UPDATE: Aug. 26, 2016, 11:43 a.m. SGT Updated PSI reading
SINGAPORE — Many in Singapore woke up on Friday to a burning smell.
Social media posts started flooding in with people complaining about the smell and smoggy views over the typically clear city.
#sghaze you know the haze is back when you wake up and a burnt smell hits your nose..
— Amita Natverlal (@amitanatverlal) August 26, 2016
According to the National Environment Agency’s PM2.5 readings, the air pollution levels started climbing quickly at around 9 a.m., reaching a high of 181 in the western part of the island by 11 a.m.
The NEA regards readings of between 51-100 as “moderate”, while 101-200 crosses into the “unhealthy” range.
The PM2.5 measures particles in the air 2.5 micrometres in diameter or smaller, which can be dangerous because they lodge deep inside the lungs.
limited time offer: free vsco filter for all photos taken today in singapore, while forests last #sghaze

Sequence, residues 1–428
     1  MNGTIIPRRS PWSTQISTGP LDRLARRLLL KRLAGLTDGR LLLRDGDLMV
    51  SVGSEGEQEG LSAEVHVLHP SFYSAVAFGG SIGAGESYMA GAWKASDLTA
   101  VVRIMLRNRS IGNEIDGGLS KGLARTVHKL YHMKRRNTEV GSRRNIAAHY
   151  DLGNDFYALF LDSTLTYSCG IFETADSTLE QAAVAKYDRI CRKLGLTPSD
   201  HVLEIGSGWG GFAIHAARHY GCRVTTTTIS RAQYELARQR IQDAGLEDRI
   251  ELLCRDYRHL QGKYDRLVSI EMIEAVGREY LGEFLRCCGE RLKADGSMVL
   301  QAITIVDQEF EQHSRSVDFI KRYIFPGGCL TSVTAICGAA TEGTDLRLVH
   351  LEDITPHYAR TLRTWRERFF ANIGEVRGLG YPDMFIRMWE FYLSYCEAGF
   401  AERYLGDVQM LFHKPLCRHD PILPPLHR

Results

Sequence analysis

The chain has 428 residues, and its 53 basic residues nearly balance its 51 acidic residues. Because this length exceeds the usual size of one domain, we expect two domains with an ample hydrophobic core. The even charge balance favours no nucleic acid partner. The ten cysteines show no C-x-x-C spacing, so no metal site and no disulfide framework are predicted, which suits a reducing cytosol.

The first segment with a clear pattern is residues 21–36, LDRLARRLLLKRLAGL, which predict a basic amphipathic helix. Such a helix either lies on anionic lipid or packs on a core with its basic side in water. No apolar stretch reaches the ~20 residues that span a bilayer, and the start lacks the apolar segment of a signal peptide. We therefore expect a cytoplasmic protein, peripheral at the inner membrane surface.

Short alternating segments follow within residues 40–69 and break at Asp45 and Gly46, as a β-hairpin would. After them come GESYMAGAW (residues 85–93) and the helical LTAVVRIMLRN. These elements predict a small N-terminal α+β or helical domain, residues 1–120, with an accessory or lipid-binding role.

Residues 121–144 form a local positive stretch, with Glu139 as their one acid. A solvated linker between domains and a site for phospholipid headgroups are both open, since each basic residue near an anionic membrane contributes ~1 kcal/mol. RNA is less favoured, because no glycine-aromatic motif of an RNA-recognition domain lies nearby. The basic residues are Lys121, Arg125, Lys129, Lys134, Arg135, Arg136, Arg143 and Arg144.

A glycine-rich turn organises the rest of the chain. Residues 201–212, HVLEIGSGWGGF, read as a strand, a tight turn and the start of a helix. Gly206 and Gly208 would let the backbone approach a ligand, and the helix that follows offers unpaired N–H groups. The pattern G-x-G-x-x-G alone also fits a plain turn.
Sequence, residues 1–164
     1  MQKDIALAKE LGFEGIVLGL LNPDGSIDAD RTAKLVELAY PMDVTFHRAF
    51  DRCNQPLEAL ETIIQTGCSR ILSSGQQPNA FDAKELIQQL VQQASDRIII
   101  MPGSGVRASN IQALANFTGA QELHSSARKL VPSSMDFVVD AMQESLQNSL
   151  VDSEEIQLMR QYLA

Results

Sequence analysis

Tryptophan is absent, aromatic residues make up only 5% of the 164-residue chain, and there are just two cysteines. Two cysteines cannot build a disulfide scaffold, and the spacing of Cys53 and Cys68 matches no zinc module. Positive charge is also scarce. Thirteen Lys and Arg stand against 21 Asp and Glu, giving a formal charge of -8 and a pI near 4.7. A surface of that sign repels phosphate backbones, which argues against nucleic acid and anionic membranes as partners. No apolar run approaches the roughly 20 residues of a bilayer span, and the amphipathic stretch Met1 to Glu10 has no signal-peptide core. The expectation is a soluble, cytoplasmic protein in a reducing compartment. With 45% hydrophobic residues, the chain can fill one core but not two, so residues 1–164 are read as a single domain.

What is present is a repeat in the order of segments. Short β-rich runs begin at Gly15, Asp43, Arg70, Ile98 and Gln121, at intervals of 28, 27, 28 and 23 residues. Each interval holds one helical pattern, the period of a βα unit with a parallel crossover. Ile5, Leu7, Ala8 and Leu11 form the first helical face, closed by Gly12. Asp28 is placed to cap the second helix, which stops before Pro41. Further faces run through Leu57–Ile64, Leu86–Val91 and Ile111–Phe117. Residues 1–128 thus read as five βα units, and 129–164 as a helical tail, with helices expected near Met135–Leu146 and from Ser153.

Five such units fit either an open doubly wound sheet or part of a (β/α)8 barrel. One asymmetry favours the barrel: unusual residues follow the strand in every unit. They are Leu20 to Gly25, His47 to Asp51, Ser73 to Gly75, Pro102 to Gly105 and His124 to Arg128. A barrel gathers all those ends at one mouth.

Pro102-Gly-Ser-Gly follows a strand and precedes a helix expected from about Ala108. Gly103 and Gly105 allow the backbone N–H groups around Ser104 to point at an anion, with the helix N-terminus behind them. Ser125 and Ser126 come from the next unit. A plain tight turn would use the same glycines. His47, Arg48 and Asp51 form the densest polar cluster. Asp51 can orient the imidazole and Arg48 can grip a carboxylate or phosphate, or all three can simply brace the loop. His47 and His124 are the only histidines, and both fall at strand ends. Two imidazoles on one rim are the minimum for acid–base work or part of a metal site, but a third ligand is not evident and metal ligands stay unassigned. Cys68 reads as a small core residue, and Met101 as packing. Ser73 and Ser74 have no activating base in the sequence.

— white ferrari (@shashashafique) August 26, 2016
The smog has for years been a result of deliberate forest burning in Indonesia, although it’s not clear yet if we can pin Friday’s sudden spike in air pollution on the neighbouring country.
On Thursday, the Indonesian police released data to show it’s stepped up arrests made in connection with forest fires, in an effort to demonstrate bigger efforts to stop the burning.
Illegal slash-and-burning has been a perennial problem in Indonesia, where farmers there set their crops ablaze to quickly clear them for new planting. The resulting smog that floats over is also a pain to neighbouring countries like Singapore and Malaysia, which typically complain of thick pollution during this time of year.
Last year, Indonesia tried revving up efforts to clamp down on the burning. It suspended four corporations connected to pulp and paper plantations that were burning crops, and arrested another 70 farmers who owned those plantations.
Indonesia’s fires produced so much carbon dioxide in those months that it pushed the country up to fourth in the world of global carbon emitters in 2015. The fires single-handedly tripled the country’s annual emissions last year.
Looks like the haze is back, consider limiting your outdoor Pokéhunting!
— Our SG (@our_sg) August 26, 2016